Witnesses heard gunfire and explosions throughout the five hour ordeal at Baluchistan Police College, and hundreds of trainees were evacuated. It's believed that four of the militants have been killed, and dozens of people, including police recruits, were injured during the attack and have been hospitalized. Baluchistan provincial home minister Mir Sarfaraz Ahmed Bugti said the army and Frontier Corps rushed to the college to fight the militants. No organization has claimed responsibility yet for the attack. Catherine Garcia
On Monday, Islamic State militants took control of Rutba, a town of 20,000 people in Iraq's western Anbar province that controls the road from Baghdad to Jordan and Syria.
They overran the mayor's office, executed at least five people, and fanned across several neighborhoods, Al Jazeera reports. Rutba is a "very strategic town," Al Jazeera's Imran Khan says, and this is "seen as a significant victory. The fact that they lost this town is very significant."
The town's capture took place as more than 400 miles away Iraqi forces, Kurdish peshmerga troops, and others continued to make their way to Mosul, Iraq's second-largest city and the last ISIS stronghold in the country. Soldiers spent Monday fighting in two villages near Mosul, passing out food and water to residents after the battles were over. On Sunday, the U.S.-led coalition announced it was behind six airstrikes near Mosul, which destroyed 19 ISIS fighting positions, 17 vehicles, artillery, and tunnels. Catherine Garcia
With two weeks to go until the election, a new CNN/ORC poll released Monday shows Hillary Clinton leading Donald Trump by 5 points.
Among likely voters, Clinton is ahead with 49 percent compared to Trump's 44 percent, followed by Libertarian Gary Johnson with 3 percent and the Green Party's Jill Stein with 2 percent. When the third-party candidates are removed, Clinton's margin increases to 51 percent to Trump's 45 percent.
Looking at voters under the age of 45, Clinton is at 53 percent, up from 47 percent in the last CNN/ORC poll. She is ahead of Trump in every age group except among those 50-64, who back Trump by 4 points. Clinton also leads Trump among women, 53 percent to 41 percent, while Trump has a narrow lead among men, 48 percent to 45 percent. The poll was conducted over the phone Oct. 20-23 among a random sample of 1,017 adults, with 779 determined to be likely voters. The margin of sampling error for results among the sample of likely voters is plus or minus 3.5 percentage points. Catherine Garcia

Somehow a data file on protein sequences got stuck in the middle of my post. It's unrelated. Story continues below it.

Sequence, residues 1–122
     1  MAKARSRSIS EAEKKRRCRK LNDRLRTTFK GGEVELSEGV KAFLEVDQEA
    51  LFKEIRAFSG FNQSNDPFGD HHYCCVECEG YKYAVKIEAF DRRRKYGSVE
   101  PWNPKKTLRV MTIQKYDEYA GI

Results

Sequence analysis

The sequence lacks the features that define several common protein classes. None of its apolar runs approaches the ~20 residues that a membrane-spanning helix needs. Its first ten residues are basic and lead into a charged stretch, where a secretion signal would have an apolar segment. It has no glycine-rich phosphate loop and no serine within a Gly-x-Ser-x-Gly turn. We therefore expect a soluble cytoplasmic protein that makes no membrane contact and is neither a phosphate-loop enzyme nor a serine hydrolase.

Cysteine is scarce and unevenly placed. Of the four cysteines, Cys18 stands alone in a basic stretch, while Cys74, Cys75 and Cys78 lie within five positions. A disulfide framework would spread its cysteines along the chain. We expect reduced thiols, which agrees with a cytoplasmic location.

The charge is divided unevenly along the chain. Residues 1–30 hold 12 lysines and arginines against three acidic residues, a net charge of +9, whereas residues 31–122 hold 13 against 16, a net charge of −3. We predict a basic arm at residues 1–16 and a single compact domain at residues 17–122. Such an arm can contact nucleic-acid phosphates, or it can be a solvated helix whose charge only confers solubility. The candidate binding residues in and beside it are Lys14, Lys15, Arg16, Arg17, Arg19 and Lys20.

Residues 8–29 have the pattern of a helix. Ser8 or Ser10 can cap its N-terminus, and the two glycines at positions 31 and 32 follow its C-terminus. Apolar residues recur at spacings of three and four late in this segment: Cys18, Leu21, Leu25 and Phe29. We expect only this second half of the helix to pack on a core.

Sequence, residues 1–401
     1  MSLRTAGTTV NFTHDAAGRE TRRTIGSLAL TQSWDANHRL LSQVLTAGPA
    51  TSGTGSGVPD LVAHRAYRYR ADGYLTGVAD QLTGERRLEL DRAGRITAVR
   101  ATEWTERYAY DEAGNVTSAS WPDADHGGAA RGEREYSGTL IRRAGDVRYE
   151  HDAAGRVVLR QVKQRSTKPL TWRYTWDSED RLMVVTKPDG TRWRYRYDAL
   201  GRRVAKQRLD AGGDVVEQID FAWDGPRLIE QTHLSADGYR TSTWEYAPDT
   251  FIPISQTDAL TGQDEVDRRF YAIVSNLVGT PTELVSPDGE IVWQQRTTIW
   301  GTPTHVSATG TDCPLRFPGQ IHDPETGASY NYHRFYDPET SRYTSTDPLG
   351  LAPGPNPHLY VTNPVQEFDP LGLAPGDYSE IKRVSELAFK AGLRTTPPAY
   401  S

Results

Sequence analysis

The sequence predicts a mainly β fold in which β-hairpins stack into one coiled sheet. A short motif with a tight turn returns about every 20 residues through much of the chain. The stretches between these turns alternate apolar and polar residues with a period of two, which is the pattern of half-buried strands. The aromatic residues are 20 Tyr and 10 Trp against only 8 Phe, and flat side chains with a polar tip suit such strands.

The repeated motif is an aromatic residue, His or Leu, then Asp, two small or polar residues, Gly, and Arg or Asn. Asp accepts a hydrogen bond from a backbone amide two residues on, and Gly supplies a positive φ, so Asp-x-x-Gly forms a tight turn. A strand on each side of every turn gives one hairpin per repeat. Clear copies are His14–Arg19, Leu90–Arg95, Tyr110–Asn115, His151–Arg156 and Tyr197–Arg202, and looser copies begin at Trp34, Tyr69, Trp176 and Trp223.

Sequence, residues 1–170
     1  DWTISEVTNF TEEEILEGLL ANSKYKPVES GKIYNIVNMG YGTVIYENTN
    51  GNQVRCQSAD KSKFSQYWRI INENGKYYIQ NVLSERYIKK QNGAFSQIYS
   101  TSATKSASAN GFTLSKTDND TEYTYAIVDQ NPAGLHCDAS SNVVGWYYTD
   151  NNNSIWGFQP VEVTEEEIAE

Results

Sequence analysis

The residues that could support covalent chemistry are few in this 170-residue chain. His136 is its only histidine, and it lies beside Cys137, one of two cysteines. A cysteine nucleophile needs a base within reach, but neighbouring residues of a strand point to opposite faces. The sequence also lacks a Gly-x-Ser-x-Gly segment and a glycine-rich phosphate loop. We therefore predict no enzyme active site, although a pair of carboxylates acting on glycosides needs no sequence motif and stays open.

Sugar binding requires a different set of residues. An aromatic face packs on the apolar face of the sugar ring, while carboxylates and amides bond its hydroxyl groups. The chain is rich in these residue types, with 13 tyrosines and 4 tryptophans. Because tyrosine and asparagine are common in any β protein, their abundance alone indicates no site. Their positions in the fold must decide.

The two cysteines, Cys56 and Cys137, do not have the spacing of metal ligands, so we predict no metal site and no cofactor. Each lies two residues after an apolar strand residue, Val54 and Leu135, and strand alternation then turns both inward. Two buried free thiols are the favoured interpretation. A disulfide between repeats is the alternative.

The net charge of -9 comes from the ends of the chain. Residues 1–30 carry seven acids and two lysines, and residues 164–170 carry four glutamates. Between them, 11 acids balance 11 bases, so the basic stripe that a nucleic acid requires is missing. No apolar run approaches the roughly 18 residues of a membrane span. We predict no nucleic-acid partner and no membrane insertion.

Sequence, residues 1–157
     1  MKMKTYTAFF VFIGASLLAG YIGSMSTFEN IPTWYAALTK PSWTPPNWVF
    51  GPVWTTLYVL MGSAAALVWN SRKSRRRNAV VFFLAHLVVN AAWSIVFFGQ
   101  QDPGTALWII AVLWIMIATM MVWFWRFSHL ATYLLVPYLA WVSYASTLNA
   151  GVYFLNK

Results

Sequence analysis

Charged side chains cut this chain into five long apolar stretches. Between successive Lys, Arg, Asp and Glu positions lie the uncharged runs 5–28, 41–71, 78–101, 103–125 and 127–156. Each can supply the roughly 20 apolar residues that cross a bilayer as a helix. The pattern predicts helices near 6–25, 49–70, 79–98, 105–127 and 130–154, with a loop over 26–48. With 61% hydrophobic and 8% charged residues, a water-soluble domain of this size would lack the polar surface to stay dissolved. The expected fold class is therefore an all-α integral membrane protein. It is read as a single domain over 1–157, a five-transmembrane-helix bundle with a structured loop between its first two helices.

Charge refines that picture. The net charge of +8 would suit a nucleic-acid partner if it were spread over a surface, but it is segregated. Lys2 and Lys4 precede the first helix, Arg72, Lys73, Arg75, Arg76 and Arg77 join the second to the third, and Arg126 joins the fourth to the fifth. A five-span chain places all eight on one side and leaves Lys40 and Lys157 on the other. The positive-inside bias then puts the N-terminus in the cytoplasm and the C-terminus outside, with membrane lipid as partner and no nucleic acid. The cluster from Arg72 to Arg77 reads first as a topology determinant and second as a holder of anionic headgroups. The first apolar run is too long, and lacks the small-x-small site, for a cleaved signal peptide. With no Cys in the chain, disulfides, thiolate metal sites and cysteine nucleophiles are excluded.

At least five armed militants attacked a police training college near Quetta, Pakistan, on Monday, leaving at least 250 cadets and staff trapped. The New York Times reported "heavy exchanges of gunfire between the attackers and the security forces," and dozens of people are reported injured, including police recruits, though the full count is unclear. Army commandos are reportedly in the process of clearing the training college's premises.
Nawab Sanaullah Zehri, the chief minister of the Baluchistan Province, of which Quetta is the capital city, said there had been "intelligence reports three to four days back that terrorists [or] suicide bombers planned to target Quetta." "Security was already on high alert, and maybe that is why they have targeted the police training center on the outskirts of the city," Zehri said. The training college is located about nine miles outside of Quetta.
No group has yet claimed responsibility for the attack. Back in August, 88 people were killed by two targeted bomb attacks in Quetta. Becca Stanek
A Montgomery County judge ruled Monday that former Pennsylvania Attorney General Kathleen Kane will serve up to 23 months in prison and eight years of probation for leaking documents about a political rival. Kane, who was the first Democrat to be elected as Pennsylvania's top prosecutor, resigned in August, the day after she was convicted of two felony counts of perjury and seven misdemeanor charges.
Kane's downfall began when she sparked a feud with prosecutor Frank Fina, her predecessor as Pennsylvania's attorney general. After an article ran in the Philadelphia Inquirer detailing an investigation by Fina into politicians caught accepting bribes, Kane "vowed to wage 'war'" with him, CNN reported. To retaliate for the article, Kane leaked confidential grand jury documents to a reporter about a corruption case Fina was involved with before leaving office; she later lied under oath about doing so.
"This case is about ego — the ego of a politician consumed with her image from day one," Judge Wendy Demchick-Alloy said, per The Associated Press. "This case is about retaliation and revenge against perceived enemies who this defendant ... felt had embarrassed her in the press."
Kane was once considered a rising star in Pennsylvania's Democratic circuit. Her defense had argued a prison sentence was unnecessary given she had already lost her job and suffered irreparable harm to her reputation. She is in custody, and her bail is set at $75,000; she was sentenced to a minimum 10 months behind bars. Becca Stanek